Noncredit Research Collaborative


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We use administrative data on millions of noncredit and credit students in Iowa and California community colleges to examine the most common enrollment patterns among community college entrants, students who first enrolled exclusively in noncredit education, and students who first enrolled in noncredit education and then later enrolled in credit coursework.

Across the country, as technology continues to advance rapidly, the labor market exhibits a growing need for workers who receive frequent and ongoing skill development. Employers in many fields struggle to find adequately trained workers to meet their needs. Community college noncredit career and technical education (CTE) programs are an important contributor to skill and workforce development and help to close this “skills gap.”

This brief summarizes early findings from a study of FastForward, which uses a pay-for-performance model to fund noncredit CTE programs at the 23 colleges in the Virginia Community College System. FastForward aims to increase the supply of workers who receive credentials for high-demand occupations in Virginia. The FastForward study is focused on identifying institutional and programmatic factors that may influence learners’ academic and labor market outcomes. This brief presents findings on the different approaches used by colleges and programs to deliver training, student and staff experiences in these CTE programs, and students’ academic and labor market outcomes.

With support from the National Center for Science and Engineering Statistics/National Science Foundation and the Bill & Melinda Gates Foundation, the Rutgers Education and Employment Research Center (EERC) and key partners
at University of North Carolina at Charlotte, University of Michigan, and University of California–Irvine are working with state leaders from across the country to examine noncredit data in the service of three key goals:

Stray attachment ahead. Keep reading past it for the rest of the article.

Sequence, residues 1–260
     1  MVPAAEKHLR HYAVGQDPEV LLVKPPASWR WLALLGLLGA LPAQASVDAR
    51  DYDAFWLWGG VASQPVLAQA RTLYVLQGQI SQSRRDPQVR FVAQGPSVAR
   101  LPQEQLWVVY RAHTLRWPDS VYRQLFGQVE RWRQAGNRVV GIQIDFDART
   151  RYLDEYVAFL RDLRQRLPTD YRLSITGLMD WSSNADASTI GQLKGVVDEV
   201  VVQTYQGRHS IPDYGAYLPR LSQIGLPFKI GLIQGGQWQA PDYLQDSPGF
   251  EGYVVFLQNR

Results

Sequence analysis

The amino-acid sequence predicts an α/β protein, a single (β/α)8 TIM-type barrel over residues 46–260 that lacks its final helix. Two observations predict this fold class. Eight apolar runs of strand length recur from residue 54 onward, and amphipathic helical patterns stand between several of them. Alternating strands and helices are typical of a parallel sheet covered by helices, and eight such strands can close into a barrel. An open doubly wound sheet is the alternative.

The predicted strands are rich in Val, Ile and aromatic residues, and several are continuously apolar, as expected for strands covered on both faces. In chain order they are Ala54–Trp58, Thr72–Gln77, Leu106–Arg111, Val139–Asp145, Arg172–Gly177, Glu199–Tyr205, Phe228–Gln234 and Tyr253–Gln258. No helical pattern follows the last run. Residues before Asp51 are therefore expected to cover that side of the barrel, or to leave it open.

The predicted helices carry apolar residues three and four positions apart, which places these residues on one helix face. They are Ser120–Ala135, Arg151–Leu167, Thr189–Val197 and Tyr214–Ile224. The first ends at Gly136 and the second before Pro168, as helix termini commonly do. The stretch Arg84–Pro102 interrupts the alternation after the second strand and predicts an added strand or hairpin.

• Develop an inventory of and consistent operational definitions for state-level noncredit data elements to better understand the noncredit data infrastructure.
  • Collect and examine noncredit course/program-level data to better understand those offerings and their associations with enrollment rates, outcomes, instructional characteristics, and funding arrangements.
  • Uncover the drivers of noncredit offerings and produce relevant policy implications.

In addition to this analysis, the project convenes a National Learning Community of states on data for noncredit education and non-degree credentials. This project seeks to lay the groundwork for a common definitional language for future data collection and analysis efforts to improve the understanding of the value and quality of noncredit programs and non-degree credentials.

Rising interest in shorter-term pathways to good careers drives interest to alternatives to traditional degree programs, fed further by rising costs of higher education and a recognition of the hurdle that completing a degree program poses for many individuals, particularly for adults seeking new opportunities. The alternative pathways found in noncredit education and non-degree credentials offer distinct flexibility and adaptability, which can better meet student and employer needs in quick, affordable formats. At the same time, the recent flood of these new pathways runs the risk that these alternative pathways might perpetuate longstanding unequal outcomes while diverting individuals onto untested paths that the job market does not yet value. Given these broad questions, we must examine and evaluate exactly how these forms of education and credentials may serve the needs of learners, as well as employers and educational institutions.